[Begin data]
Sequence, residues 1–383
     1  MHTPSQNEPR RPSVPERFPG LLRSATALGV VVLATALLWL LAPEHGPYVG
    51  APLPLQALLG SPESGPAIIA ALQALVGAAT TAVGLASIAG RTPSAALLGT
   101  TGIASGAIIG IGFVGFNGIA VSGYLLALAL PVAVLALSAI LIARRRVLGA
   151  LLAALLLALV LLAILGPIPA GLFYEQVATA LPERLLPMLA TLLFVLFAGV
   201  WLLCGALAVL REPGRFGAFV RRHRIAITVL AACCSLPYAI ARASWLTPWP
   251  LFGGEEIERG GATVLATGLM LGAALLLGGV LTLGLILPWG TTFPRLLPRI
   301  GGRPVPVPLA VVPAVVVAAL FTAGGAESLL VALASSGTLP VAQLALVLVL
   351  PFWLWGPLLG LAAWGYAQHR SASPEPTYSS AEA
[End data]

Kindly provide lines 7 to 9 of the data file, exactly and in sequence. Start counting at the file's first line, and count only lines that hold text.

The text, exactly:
   251  LFGGEEIERG GATVLATGLM LGAALLLGGV LTLGLILPWG TTFPRLLPRI
   301  GGRPVPVPLA VVPAVVVAAL FTAGGAESLL VALASSGTLP VAQLALVLVL
   351  PFWLWGPLLG LAAWGYAQHR SASPEPTYSS AEA